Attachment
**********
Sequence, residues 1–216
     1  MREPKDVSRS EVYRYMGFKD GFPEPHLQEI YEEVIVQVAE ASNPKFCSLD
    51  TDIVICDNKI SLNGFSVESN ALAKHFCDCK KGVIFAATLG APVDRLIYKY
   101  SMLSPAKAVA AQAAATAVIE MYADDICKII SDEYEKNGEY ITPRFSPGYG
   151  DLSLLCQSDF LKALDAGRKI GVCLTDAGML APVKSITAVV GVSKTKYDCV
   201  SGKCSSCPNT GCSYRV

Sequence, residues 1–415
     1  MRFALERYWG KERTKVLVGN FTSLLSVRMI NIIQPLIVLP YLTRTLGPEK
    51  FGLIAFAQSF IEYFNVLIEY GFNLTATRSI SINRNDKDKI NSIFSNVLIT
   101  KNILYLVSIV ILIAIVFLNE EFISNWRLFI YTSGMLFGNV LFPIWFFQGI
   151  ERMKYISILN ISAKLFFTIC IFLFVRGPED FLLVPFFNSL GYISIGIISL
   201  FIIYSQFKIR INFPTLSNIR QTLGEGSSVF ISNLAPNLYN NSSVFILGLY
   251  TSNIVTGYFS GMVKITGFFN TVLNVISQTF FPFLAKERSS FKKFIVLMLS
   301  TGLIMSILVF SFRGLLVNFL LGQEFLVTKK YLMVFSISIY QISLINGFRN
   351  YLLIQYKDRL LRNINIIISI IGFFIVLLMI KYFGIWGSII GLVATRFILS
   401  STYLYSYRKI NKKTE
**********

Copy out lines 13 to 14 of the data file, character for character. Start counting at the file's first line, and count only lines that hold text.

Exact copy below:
   251  TSNIVTGYFS GMVKITGFFN TVLNVISQTF FPFLAKERSS FKKFIVLMLS
   301  TGLIMSILVF SFRGLLVNFL LGQEFLVTKK YLMVFSISIY QISLINGFRN